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How I learned I had OCD

Mental Health

Shaun Flores was brought to the point of suicide by obsessive thoughts. Now, having been diagnosed with OCD, he writes about how he's come to make sense of his condition.

What happened to me

Speaking about a mental illness was something I never envisioned having to do in my entire life, and it has been the toughest of things to acclimatise to. I was diagnosed with what some would call ‘PURE 0’, OCD at 27. 

Pure O’’ refers to distressing internal intrusive thoughts alongside invisible mental compulsions – it is not a medical term and can be misleading, but has had found common usage as a form of OCD and to illustrate some important things about this much misunderstood condition. Most of common perceptions around OCD regard it as simply involving excessive cleaning and use OCD as an adjective when it certainly is not. It is highly distressing and debilitating.

My journey began with the obsessive idea I was gay, after a dream I had. I vomited and became incredibly anxious. I was unsure of who I was and I began going down a rabbit hole seeking evidence that I was gay. When no evidence came still I was unable to shake this obsessive thought. 

My next obsessive thought was that I was a rapist, which brought me great distress. The final breaking point was I saw an image of myself jumping off a bridge. I felt no desire to die, rape anyone or engage in sexual activity with the same sex, yet these thoughts came at full velocity and plagued me.

I locked myself away for days, terrified, suffering from panic attacks, depressed, unable to eat or shower. I became convinced I would hurt myself and others. I lost hope and via my Instagram, I reached out to an online therapist, Emma Garrick. When I spoke to her, I was crying my eyes out as I explained what was happening in my mind. She listened and explained it was OCD. Finding her armed me with a hope I was unable to muster up within myself, as I started existing from therapy session to therapy session.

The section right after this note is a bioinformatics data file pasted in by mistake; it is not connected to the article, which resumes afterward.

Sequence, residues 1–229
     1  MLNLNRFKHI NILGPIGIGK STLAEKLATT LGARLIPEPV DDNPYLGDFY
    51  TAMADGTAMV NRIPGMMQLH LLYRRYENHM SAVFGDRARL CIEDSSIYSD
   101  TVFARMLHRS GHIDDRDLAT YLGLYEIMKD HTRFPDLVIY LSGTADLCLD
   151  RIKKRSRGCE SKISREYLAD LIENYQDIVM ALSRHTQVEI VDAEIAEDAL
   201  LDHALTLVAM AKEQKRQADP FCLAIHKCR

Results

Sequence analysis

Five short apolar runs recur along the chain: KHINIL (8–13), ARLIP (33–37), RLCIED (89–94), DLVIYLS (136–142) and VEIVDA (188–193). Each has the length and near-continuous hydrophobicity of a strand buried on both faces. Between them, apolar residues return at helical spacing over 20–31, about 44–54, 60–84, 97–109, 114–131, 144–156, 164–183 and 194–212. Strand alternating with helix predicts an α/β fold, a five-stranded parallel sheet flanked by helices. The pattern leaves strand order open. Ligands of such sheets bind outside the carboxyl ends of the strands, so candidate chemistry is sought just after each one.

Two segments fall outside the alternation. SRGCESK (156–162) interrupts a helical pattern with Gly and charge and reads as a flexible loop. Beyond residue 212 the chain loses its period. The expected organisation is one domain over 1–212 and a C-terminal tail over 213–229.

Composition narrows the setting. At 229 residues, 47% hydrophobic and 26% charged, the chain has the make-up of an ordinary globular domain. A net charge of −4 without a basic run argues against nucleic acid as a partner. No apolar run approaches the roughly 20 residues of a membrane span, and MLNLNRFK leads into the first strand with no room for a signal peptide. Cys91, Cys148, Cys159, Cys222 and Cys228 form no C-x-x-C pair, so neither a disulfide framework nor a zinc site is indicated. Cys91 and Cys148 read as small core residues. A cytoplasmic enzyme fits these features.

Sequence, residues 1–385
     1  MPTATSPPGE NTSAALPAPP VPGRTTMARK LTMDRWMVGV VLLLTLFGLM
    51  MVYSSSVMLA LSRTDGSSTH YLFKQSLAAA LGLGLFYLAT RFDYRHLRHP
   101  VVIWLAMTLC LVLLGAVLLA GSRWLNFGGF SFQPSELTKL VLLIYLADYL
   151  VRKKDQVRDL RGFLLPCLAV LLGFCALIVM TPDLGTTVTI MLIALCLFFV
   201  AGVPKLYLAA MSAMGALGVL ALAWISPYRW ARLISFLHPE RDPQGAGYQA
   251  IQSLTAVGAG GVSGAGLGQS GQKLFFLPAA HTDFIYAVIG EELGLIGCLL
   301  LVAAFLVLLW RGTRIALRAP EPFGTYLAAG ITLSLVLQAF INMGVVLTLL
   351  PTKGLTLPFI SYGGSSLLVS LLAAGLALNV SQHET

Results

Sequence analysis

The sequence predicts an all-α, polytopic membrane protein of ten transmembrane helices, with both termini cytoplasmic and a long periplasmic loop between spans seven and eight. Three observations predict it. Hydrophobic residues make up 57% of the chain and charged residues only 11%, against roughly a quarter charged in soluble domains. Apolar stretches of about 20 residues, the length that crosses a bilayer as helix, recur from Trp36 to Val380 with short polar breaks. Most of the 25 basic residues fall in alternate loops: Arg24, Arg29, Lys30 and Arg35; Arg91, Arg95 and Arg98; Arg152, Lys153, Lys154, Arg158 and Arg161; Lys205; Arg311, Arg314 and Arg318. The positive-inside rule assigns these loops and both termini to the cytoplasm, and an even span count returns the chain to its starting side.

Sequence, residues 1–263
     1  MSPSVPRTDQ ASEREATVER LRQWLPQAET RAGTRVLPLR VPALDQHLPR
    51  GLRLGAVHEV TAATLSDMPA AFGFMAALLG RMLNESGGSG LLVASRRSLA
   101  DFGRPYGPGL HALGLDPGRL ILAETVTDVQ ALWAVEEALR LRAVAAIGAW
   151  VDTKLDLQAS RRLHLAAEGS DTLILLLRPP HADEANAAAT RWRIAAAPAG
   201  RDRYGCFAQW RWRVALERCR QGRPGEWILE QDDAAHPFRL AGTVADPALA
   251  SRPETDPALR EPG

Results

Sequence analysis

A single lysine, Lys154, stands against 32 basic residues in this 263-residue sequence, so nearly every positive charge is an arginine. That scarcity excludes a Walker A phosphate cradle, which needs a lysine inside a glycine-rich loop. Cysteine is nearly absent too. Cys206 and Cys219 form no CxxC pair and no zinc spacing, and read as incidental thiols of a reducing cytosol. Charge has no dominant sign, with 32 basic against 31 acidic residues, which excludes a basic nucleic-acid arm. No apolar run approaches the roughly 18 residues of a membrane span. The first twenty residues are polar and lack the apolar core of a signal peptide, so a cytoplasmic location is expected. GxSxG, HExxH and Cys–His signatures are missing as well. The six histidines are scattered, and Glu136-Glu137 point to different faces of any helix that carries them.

Funnily enough, every human has intrusive thoughts. Most people can’t remember when they emerge, as they are able to dismiss them relatively quickly. Those with OCD believe the thoughts and ruminate on them. Living with OCD is a direct confrontation with your worst fears running in your mind, as if they are on a hamster wheel. It is mentally and emotionally exhausting.

OCD is ranked by the world health organisation in the top 10 of the most disabling illnesses by lost income and decreased quality of life,” according to OCD UK, and “Around three-quarters of a million people are thought to be living with severe, life-impacting and debilitating Obsessive-Compulsive Disorder (OCD) here in the UK.”

How is OCD treated? 

CBT ERP (cognitive behaviour therapy & exposure response prevention) is the go-to treatment for most people with OCD. This is where you expose yourself to scary obsessions, with the intention to resist the urge to perform the mental compulsions to alleviate your anxiety. In turn, this desensitises you to what you most fear. Some people with OCD also benefit from medications such as anti-depressants.

Previously I was vehemently against anti-depressants due to the stories I have heard from others who have been on medication for years, and who seem to use the medication as a crutch without doing the much-needed work. Through having a therapist who I trust, I took the step and began a course of antidepressants. It has helped, and I do the much-needed work alongside it, something which has shown to be most effective in recovering from OCD. 

What have I learnt from OCD?

OCD in the most simple of ways has actually made me a better Shaun. The mind truly is your best friend or your worst enemy. I now know the mind tells lies. The truth is that thoughts are just thoughts.

OCD has taught me who I am. To have such fears – in a weird sober way – has reinforced in me that I could never be some of the worst things I have seen in this world. Patience became my biggest virtue, and I became grateful for the simplest things. I practiced an abundance mindset instead of a scarcity mindset.

Why I wrote this article

Raising awareness and helping others have become front and centre of my mission. I believed recovery was impossible, but it’s not, and I am grateful to be able to create this article about my recovery.

One of the anchors in my time of storm has been the idea that I can rewire my brain, through “neuroplasticity”, which is when you intentionally rewire your brain to create positive habits. This can be done through meditation, journaling, and exercise. It’s also a powerful, science-based method to break undesirable habits and create new, healthy ones. 

A book I recommend highly is Rewire Your OCD Brain: Powerful Neuroscience-Based Skills to Break Free from Obsessive Thoughts and Fears Paperback

My mantra is, ‘you can recover, will recover and will come back a new person.’ I promise never to give up and keep going. I am not my OCD.

OCD-UK  is a charity that offers help, recovery stories and resources for those with OCD, supports loved ones with OCD and most importantly gives you the right information to ensure you will recover. 

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